Do you or your money-savvy friends ever discuss portfolio diversification? If you have investments, especially if they’re long-term ones earmarked for retirement, diversity of holdings is essential because no single investment will be on the upswing forever. A balanced portfolio allows for hedging the market when it’s great, and when it’s not so great (which we’re unfortunately all too familiar with right now).
“Basically, diversification means not putting all your eggs in one basket, says Paul Kandel, a senior vice president at Morgan Stanley. “I love chocolate ice cream. But I don’t only eat chocolate ice cream.”
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Kandel says that portfolio diversification can involve having holdings across varying geographies (domestic, foreign), styles of investments (growth, value), size (small cap, mid cap, large cap) and industries (biotech, automotive, online retail, etc.).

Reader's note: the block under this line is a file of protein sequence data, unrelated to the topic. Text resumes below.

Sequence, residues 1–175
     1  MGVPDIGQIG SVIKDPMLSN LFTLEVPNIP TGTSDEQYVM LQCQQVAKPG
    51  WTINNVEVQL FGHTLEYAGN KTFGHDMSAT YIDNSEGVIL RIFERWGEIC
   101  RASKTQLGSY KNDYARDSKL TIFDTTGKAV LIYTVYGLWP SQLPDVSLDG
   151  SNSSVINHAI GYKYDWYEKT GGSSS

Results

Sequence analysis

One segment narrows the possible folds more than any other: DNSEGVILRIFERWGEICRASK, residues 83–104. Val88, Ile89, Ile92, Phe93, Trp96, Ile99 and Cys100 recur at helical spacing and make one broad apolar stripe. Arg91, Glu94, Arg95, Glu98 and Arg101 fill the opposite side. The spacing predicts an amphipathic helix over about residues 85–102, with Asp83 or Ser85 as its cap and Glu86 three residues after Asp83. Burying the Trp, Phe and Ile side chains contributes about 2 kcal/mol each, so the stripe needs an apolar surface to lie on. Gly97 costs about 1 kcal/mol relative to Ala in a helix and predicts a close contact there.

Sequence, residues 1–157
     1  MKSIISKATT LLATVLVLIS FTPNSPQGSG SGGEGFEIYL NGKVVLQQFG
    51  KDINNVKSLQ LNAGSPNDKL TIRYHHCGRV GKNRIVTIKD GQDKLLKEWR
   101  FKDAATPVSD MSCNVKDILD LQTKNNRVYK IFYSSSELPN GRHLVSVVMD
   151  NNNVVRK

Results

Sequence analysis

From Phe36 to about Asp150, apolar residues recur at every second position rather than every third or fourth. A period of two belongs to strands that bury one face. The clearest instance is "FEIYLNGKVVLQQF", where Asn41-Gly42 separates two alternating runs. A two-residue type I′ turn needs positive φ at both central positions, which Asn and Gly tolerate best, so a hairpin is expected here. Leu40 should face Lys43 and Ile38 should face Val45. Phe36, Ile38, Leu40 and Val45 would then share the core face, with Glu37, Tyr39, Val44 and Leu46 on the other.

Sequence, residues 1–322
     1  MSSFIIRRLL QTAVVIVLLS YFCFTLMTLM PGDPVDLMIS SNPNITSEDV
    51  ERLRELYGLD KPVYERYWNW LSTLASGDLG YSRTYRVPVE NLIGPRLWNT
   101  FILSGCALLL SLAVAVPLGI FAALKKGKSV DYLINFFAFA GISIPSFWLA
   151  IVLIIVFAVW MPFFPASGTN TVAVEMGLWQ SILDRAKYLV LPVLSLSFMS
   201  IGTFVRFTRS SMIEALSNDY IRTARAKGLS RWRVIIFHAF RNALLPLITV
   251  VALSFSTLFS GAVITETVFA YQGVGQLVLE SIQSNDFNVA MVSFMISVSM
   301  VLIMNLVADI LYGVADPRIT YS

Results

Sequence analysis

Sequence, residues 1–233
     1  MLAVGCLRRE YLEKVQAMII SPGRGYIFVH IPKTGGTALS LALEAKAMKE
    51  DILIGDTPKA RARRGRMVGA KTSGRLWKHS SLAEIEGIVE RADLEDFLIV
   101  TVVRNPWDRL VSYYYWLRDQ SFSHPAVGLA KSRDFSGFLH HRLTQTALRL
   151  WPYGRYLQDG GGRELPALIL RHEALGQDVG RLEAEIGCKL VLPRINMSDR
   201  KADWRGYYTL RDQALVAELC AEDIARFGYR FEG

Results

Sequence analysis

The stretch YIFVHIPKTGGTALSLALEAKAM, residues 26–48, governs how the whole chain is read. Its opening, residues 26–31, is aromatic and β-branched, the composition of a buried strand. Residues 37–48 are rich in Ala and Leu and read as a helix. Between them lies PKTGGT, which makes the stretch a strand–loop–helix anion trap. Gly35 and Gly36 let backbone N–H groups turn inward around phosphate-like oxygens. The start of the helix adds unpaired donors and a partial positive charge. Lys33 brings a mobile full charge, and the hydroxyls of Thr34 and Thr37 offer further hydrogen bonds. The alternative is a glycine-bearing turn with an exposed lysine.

“For the last few years we just loaded up on technology stocks,” Kandel says, “and then the market changed dramatically. What was really good for a while became really bad. It’s rare that all parts of your portfolio are always going up and diversification allows you to get by when they’re not. You want to make sure that you have some holdings that can offset, so that while some parts of the market may be descending, others are ascending.”
Kandel says that diversification is important whether you’re new to the stock market or have been an investor for a long time.
So, how much diversification is enough?
You can diversify by owning individual securities in different sectors of the market, but Kandel says that beginners generally like to purchase an ETF or a mutual fund.